Do you flinch every time a spiritual topic comes up? Does it feel like someone pulled a stun gun on you when someone mentions the guy whose name starts with the letter J? Have you allowed yourself to think about why? Do you consider spiritual things to be private, not concrete, not clearly defined, scary and definitely not fun? Are you afraid to be educated in spiritual matters, afraid to learn something not talked about in your family, your neighborhood, your culture or even among friends?
People establish values in order to organize their lives and to organize society. While some value systems can be good to build a life on, they can also build walls and divide.
A value system is a set of beliefs and attitudes that members of a group all share. They buy into those beliefs (which come with certain attitudes and protection mechanisms), and a cohesive group is formed. It’s the very definition of ethnocentricity—when members of a group or culture believe that their values and way of living is better or more important than others’. A comprehensive list of values is too large to list here, but imagine if you were born into a group whose top values were:
GROUP 1 : accomplishment, higher education, ambition, wealth, status
GROUP 2: nature, adventure, travel, environmental concerns
GROUP 3: art, culture, music, entertainment, amusement, celebrity
GROUP 4: affection, community, family, devotion, friendship, faith
The values of either of these groups become the beacon that leads them, the driving force for all life decisions. Group 1 enforces their primary values with their young, pushing them to accomplish certain milestones in order to be the next generation who maintain the status quo. They may admire some values of other groups, but the values of other groups are secondary. Their primary values are placed on a pedestal above all else.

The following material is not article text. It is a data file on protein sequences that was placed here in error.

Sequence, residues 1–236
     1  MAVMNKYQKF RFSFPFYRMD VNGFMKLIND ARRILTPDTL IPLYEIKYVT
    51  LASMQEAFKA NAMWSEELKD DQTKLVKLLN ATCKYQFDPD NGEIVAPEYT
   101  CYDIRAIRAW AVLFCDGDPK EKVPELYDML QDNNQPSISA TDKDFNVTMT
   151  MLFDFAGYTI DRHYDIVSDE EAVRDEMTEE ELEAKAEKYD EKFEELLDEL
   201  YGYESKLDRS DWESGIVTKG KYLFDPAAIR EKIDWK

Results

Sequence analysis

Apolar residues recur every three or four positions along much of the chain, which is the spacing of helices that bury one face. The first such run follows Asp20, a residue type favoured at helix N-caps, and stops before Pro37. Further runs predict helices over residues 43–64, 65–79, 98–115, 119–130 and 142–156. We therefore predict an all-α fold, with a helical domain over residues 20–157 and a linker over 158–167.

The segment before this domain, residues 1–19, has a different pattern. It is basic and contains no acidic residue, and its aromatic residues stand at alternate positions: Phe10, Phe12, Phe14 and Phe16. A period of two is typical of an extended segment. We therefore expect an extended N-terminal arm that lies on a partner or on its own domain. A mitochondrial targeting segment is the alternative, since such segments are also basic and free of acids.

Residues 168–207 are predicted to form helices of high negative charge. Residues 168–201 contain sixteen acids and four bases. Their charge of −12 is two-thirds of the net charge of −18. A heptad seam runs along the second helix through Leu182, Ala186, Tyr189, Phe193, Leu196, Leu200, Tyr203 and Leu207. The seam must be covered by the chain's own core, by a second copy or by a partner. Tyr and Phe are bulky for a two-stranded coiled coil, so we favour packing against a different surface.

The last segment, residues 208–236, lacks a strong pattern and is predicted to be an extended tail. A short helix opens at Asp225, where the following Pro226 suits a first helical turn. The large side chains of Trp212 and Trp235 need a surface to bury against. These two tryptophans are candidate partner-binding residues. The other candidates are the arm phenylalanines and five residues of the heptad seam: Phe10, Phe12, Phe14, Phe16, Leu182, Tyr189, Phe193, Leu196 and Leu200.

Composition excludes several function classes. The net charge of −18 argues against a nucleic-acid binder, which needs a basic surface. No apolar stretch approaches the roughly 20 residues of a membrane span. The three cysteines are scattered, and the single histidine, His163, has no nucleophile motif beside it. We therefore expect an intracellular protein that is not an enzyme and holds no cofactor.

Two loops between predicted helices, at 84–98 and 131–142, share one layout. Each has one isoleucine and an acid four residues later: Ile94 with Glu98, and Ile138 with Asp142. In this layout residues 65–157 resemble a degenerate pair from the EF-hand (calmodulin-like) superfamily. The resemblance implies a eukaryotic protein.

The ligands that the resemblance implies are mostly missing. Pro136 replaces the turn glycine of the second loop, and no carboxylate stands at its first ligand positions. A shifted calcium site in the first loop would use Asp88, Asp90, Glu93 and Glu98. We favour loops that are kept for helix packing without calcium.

All groups tend to function in the same way, but I’ve said for years that whatever your strength is can turn out to be your weakness—a strength on one end of the spectrum and a weakness at the opposite end.
This is a simple example of how value systems become set in stone, unshakeable, unmoveable and not open to compromise. This is also an example of how some value systems build walls and divide one group from another. What if your future best friend or spouse was in one of those other groups, but rigid boundaries and beliefs restricted you from crossing the line? But that’s a topic for another time.
So when someone asks you “Are you a Christian?” you may flinch for a number of reasons. You know instinctively that others nearby are flinching, too, because they looked up to identify the one who asked the question or they changed their location in the room. They flinched at the openness of someone whose values were different. They’re now prepared to gather in cliques and decide how to avoid the person who brought up an unorthodox topic. How dare they not realize that some topics are private and to be discussed in “safe zones” only.
Let’s talk about true Christianity for a moment—not the fake stuff you see in the mainstream media or in social media for that matter. The values that are found in true Christianity include faith, virtue (morally good behavior), knowledge, temperance (self-control), patience, godliness, kindness and love. These values can be embraced by any group. [2 Peter 1:3-8]
The truth is that when Christianity is mentioned in some circles today, the waters part, people get ostracized, labels are assigned, promotions go elsewhere, phone calls are not returned, walls get erected, and the fate of companies is placed in the hands of a trusted clique member who can affect hundreds of lives for better or worse.
Be honest with yourself if with no one else. Why are you flinching when spiritual matters come up? Have you discovered any meaningful value in Christianity? Does it have any power? Does it have the potential to improve your life in any way? Could it help you with your academic scores, job problems, relationships, or your own personal health?
If you achieved great accomplishments, became wealthy, enjoyed nature, promoted culture, made great music, showed natural affection, raised a family and had wonderful friends, then discovered that you had left the single most important value untouched and unexplored—to your detriment, how would you feel?
Consider it because God loves hard, and there’s a great deal more in store for you!